ERSA welcomes MPs’ report into the future of Jobcentre Plus

The Employment Related Services Association (ERSA) welcomes today’s report by the Work and Pensions Select Committee which highlights the unrealistic expectations being placed on Jobcentre Plus (JCP) to fulfil the Government’s ambitions to halve the disability employment gap, and achieve full employment. Following ERSA’s oral and written contributions, the report also reflects strong concerns about the impact of regressive cuts to contracted specialist employment support.

As the membership body for the employment support sector, ERSA supports the Committee’s findings that the current direction of government policy and resource raises significant challenges to delivering the appropriate level of specialist advice and support required for an increasingly diverse range of jobseekers.

Equally, ERSA knows from its frontline members that MPs are right to draw attention to the considerable cuts to specialist employment support funding from 2017. The report estimates that spending is set to be halved – however, independent research from ERSA, commissioned from WPI Economics, has found that Government spending on employment support programmes is expected to fall by 80% from 2017-18. This will place additional strain on JCP which, as today’s report highlights, already faces insurmountable challenges.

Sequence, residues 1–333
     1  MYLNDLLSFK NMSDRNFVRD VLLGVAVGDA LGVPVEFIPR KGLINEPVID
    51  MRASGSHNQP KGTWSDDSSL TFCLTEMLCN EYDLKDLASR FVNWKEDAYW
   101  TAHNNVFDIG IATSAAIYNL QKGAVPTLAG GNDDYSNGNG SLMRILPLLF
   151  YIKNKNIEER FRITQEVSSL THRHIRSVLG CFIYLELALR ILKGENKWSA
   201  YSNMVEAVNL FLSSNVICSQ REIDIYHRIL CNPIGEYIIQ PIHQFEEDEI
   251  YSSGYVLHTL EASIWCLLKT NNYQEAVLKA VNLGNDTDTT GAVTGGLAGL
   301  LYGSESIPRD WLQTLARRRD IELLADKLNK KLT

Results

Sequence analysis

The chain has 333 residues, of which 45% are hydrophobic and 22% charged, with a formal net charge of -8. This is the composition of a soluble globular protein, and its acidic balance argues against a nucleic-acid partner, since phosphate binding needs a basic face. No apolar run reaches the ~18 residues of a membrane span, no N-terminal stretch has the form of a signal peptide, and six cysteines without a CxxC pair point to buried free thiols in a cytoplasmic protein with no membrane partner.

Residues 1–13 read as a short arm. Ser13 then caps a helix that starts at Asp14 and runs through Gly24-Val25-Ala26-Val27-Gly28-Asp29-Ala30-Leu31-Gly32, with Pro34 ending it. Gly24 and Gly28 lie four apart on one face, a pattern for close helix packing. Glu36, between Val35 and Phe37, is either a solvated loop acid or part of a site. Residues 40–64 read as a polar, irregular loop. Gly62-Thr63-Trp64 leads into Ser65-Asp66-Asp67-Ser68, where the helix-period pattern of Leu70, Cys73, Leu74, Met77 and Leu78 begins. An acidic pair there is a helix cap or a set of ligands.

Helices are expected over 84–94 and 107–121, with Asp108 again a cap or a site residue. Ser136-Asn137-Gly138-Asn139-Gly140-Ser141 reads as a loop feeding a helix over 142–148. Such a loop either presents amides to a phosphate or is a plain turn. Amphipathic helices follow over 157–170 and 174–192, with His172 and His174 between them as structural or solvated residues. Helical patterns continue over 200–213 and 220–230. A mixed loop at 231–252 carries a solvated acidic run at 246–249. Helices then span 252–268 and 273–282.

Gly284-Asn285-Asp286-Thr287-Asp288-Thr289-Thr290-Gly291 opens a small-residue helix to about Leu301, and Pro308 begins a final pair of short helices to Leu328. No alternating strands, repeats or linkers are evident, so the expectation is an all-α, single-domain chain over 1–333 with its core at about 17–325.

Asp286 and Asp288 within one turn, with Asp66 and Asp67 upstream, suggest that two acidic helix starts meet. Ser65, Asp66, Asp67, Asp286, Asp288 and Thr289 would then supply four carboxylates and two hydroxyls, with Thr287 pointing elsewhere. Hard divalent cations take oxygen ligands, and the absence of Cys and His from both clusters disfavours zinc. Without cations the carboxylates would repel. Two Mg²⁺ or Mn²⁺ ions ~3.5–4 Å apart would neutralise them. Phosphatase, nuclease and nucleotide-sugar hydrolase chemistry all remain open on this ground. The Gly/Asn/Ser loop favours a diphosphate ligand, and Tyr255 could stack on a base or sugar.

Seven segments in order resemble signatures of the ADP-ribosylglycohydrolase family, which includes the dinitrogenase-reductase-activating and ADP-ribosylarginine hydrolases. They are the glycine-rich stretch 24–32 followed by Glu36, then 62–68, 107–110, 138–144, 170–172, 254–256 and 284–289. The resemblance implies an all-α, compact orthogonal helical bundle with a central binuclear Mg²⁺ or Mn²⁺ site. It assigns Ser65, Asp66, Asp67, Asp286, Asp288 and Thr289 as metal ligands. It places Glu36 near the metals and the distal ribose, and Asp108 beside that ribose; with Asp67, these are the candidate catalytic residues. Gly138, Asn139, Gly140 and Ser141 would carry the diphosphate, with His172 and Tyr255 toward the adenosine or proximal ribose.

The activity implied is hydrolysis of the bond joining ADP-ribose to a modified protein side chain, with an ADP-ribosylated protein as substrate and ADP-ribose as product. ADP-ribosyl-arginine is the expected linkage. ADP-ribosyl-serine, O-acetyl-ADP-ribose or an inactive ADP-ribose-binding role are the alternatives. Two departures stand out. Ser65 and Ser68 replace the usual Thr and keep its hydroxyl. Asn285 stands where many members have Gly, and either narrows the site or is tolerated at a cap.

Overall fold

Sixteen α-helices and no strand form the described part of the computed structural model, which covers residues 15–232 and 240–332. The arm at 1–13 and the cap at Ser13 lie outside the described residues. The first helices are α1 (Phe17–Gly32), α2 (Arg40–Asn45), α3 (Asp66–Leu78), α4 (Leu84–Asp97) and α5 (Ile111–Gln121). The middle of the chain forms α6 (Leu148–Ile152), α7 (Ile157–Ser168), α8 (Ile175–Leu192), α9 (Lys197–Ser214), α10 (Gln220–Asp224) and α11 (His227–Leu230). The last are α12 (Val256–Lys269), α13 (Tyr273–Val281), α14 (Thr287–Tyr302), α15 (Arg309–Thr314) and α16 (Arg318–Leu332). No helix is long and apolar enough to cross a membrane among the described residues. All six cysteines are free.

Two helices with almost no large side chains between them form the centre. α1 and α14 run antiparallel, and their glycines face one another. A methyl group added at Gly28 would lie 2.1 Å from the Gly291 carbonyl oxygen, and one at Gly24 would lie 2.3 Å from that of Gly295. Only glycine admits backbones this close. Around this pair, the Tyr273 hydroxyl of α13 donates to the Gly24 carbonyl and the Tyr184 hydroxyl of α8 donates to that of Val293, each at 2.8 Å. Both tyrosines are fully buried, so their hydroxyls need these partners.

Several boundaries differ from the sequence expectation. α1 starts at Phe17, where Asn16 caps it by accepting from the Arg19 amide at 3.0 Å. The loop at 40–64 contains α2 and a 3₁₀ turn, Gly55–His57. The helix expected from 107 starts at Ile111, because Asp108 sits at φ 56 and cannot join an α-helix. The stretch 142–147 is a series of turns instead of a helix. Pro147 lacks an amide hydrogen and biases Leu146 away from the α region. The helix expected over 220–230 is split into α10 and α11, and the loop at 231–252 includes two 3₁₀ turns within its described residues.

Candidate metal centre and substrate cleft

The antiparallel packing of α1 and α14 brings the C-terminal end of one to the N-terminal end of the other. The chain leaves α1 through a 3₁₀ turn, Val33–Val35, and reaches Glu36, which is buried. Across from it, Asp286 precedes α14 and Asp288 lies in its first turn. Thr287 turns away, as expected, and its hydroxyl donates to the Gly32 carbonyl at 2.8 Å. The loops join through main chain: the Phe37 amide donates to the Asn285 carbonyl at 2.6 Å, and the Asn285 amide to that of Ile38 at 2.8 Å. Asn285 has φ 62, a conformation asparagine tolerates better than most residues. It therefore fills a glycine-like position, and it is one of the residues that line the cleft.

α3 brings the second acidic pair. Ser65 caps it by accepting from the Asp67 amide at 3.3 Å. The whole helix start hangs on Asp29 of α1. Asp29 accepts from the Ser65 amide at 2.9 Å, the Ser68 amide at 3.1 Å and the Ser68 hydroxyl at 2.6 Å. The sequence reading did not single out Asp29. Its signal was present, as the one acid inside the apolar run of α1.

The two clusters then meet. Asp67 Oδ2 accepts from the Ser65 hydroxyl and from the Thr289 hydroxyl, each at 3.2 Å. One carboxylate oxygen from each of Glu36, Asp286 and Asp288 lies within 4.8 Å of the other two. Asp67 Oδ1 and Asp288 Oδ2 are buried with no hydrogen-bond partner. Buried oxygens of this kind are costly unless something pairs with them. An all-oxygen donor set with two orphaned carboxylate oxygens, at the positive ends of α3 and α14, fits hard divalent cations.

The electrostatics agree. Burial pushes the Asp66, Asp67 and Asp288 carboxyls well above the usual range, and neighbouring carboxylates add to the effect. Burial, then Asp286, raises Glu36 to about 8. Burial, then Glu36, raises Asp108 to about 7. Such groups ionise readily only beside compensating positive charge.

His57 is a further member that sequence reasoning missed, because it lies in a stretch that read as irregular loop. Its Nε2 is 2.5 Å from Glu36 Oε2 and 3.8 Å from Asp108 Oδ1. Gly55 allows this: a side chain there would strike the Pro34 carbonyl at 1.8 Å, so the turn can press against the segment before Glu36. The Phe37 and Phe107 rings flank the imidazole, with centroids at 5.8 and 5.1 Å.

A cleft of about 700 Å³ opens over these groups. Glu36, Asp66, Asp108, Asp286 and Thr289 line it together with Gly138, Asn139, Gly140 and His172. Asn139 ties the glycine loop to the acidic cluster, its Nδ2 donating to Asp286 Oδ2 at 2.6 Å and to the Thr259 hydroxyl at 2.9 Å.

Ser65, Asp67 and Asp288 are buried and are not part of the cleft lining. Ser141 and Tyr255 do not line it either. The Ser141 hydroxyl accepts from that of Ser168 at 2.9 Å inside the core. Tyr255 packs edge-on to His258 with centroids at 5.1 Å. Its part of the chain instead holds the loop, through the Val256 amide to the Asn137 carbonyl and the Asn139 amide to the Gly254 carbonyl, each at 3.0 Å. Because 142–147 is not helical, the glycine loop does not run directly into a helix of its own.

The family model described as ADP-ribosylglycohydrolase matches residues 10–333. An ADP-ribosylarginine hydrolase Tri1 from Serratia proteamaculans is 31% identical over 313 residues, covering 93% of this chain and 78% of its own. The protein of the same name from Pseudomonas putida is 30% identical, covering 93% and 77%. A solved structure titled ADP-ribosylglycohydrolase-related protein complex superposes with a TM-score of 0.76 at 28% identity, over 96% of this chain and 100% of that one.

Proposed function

Speaking in response to the report, Kirsty McHugh, CEO of ERSA said,

“We strongly echo the Committee’s concerns about the capacity of Jobcentre Plus to meet its aims for full employment and halving the disability employment gap. Government expectations of the service are simply too high and fail to recognise the levels of need among the long term unemployed or the amount of change needed in many jobcentres.

“In particular, we welcome the report’s concern about the significant cuts to the specialist employment support budget. The Committee estimates that spending on disability support alone is set to halve; our figures suggest the cuts are even greater. This regressive step is likely to hurt the employment prospects for over one million people with disabilities and health conditions who want to, and could, work with the right support.”